To summarize my points (and I may well have been talking to myself, as after the initial question the only contributor to that thread was me), these are the difficulties I could think of at the time, with a few other thoughts:
- Ease of mapping from writing to sounds in Spanish. Spanish learners try to pronounce every letter, because that is infallibly right in Spanish. (It's interesting - and perhaps relevant - that when I was at a teachers' training session about dyslexia, one teacher reported that she had had a Spanish student [an adult] who had been successfully through the Spanish education system without having his dyslexia diagnosed .)
- L1:L2 phonemes almost all (?maybe all) don't match.
- Timing - unlike English, Spanish is a syllable-timed rather than a stress-timed language. There is quite possibly a Spanish tale of pet-abuse to match Ding dong bell
Pussy's in the well
Who put him in?
Little Johnny Flynn
But if there is you can bet the line-lengths don't differ so widely (the numbers of syllables fitting into the same four-beat measure are, in the first four lines, 3,5,4, and 5; but What a naughty boy was that, really takes the biscuit, at 7 syllables! :)
- Consonant clusters. English uses lots, while Spanish breaks them up with vowel sounds so the there are usually at most two consonants together in a single syllable. For example, English 'strange' has the cognate word extraño; whereas English is happy to start a syllable with three consonant phonemes, Spanish ensures that there are only two each in 'es-' and '-tra-'.
- English uses many phrasal verbs; Spanish doesn't. An English child might ask its parent 'Why didn't you bring the book you said you'd read to me out of up with you?' and the hearer would go back downstairs to get the right book without missing a beat (though probably not applauding the elegance of the construction).
So the jury's out, or rather it's a hung jury. For me, I think a factor in the difficulties Spanish speakers have with English are something to do with the stress-timed/syllable-timed distinction. But there is plenty more to think about here. For example, I wonder if Catalan is stress-timed - which might account for the fact that I find the Castilian spoken in Catalonia much easier to follow than the Castilian spoken in Castile.[T]his is a complicated and contentious issue, and there have been many ideas over the years about how to rescue the (clearly much-loved) stress-timed vs. syllable-timed distinction. You could write a book about it. (And then someone else would write another book, disagreeing with you.)
Which reminds me of an annoying encounter I had with a barman in Ibiza some years ago. I had asked for dos cervezas and he corrected me: he was used to lingistically-challenged Britishers who he could laugh at when their backs were turned, and presented with a competent speaker he had to find fault with something. It should be [θ], he said. The nerve of the man! He was the imperialist oppressor with his fancy foreign ceceo. In fact, it was a guilt-ridden holiday. It was all-inclusive, meaning that the local economy was virtually untouched (except for some employment at bread-line wages). The local Catalan-speakers had to put up with a lot from the Castilian-speaking interlopers.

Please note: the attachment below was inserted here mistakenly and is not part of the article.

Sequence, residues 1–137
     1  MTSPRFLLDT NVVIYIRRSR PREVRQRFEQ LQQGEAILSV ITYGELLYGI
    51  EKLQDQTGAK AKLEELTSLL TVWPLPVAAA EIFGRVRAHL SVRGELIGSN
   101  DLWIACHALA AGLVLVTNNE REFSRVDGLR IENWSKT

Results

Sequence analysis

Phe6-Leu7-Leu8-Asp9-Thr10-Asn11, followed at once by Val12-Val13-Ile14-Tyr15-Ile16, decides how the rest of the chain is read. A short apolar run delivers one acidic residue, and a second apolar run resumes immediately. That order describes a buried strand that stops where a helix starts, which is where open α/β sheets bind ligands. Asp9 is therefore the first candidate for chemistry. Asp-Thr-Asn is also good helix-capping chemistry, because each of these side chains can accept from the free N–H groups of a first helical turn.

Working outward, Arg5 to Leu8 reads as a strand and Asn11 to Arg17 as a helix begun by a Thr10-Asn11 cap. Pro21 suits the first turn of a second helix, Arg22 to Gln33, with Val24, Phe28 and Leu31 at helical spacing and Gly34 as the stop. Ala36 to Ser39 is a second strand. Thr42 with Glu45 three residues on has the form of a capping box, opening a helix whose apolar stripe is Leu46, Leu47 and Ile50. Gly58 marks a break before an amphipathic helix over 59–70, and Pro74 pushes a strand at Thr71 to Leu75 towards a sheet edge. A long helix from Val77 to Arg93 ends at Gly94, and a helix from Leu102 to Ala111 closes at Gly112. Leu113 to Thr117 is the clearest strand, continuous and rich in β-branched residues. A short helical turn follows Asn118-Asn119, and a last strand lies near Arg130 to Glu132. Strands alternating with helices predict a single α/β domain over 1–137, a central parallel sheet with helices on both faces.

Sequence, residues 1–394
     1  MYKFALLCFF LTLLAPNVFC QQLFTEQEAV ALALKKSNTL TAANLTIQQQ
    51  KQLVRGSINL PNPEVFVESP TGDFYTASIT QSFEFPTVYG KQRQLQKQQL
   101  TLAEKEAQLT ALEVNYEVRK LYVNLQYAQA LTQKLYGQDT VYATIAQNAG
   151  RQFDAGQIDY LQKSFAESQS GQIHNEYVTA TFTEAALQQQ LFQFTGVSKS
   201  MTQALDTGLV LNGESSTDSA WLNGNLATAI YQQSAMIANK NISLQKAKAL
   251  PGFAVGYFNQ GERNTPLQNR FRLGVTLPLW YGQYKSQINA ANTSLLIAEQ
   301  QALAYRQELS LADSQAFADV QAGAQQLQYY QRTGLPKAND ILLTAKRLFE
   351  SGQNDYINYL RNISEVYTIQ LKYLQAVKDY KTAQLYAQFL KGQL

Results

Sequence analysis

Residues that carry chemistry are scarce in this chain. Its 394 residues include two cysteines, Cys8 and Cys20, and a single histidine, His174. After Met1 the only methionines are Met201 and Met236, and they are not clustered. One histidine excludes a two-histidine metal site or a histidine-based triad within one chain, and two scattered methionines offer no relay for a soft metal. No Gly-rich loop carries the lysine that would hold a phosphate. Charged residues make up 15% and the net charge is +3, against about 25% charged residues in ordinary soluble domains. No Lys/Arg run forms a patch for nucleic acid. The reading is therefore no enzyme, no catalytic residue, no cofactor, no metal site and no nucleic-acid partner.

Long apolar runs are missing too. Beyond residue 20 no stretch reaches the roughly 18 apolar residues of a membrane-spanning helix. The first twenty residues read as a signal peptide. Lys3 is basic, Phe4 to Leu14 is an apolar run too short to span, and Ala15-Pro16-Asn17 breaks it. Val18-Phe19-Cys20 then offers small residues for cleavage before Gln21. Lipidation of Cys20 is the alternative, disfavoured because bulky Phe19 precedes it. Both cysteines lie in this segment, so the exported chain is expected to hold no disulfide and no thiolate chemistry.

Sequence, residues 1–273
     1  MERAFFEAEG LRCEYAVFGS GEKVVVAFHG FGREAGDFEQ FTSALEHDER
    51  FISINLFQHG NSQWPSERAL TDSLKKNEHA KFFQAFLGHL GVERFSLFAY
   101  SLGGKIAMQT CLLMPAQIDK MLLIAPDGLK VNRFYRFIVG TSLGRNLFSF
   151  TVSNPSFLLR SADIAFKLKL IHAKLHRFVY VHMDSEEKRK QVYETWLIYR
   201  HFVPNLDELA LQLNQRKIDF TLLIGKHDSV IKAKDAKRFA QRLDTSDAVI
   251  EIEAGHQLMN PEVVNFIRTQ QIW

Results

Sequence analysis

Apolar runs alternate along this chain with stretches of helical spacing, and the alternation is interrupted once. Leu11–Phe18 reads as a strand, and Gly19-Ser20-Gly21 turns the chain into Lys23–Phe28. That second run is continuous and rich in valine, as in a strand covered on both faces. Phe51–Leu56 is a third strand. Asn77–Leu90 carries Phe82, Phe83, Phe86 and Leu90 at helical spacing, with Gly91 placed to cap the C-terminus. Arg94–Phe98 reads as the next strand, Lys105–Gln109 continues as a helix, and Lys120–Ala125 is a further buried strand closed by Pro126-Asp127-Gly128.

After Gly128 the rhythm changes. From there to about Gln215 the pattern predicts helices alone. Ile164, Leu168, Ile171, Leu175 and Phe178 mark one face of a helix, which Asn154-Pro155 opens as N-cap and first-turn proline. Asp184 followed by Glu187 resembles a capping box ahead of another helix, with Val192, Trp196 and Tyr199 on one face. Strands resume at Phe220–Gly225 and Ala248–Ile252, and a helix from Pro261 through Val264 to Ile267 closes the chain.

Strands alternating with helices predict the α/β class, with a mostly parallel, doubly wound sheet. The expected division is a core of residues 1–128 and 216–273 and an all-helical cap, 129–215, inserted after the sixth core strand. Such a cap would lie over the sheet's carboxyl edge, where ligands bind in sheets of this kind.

But I digress.
updates 13.01.06.16.40 and 13.01.06.19.30
update 13.01.10.17.25 - a few tweaks to the PS
PS And while we're on the subject of annoying encounters involving Spanish speakers, with particular reference to 'fancy foreign ceceo', or 'imperialisp' as I'm tempted to call it, I'd just like to put on record my loathing of José Carreras' rendition of Misa Criolla (which I'm not going to dignify with a link - though Classic FM, and therefore Amazon, was full of it around the turn of the century).
In the '60's, when Ariel Ramirez wrote it‡, it came out at more or less the same time as the Vatican's Second Ecumenical Council. Coming, as I did, from a God-fearing family (and we are talking 'Holy Mother Church' - unam sanctam catholicam et apostolicam ecclesiam - none of your Anglican nonsense), and saying the Mass in the vernacular was a big deal. Gloria a dio' e' las altura', E in la tierr' pas a los hombre'.. - so much gutsier than Gloria in excelsis deo. Et in terra pax hominibus.... In the time of Cortez, ceceo ('the imperialisp') didn't happen. I've forgotten the details, but I remember writing an essay with the stirring title 'The De-Voicing of Mediaeval Sibilants in Castilian'; Cortez would have called himself [kortɛdz], or if he was a serious trend-setter [kortɛts] (unless he spelt his name Cortés, as most historians have it - but why should a little thing like spelling be allowed to interfere with a perfectly good joke?) Carreras' pronunciation - you can almost hear him saying 'Thees eeza 'ow djou suppos-et to pronoonce-a eet, paisanos' - is plain offensive (in the 'weapon-like' sense); it's a weapon of imperialism, as when Churchill intentionally mispronounced 'Nazis' as /næzi:z/ or La Thatcher said /gæl ti: eǝ ri:/, giving it four contemptuous syllables.
So when Señor Carreras sings [paθ] a los hombres I want to scream 'You just don't get it!' I want to... (time for my medication).
update 2013.06.24.10.45 - Added this footnote and updated TES stats:
update 2013.06.24,17.05 - L'esprit del l'escalier
‡ This, the Real Missa Criolla was played – in possibly the shortest and most crassly truncated extract I've ever heard on Desert Island Discs (one could almost hear Sue Lawley's 'That's enough of this. No wonder nobody's ever heard of it') – on the radio yesterday morning on Radio 4 Extra. Fortunately it was first recorded in 1996, before Carreras' Crime Against Humanity was perpetrated.
Update 2017.11.20.22:35 – Removed old footer.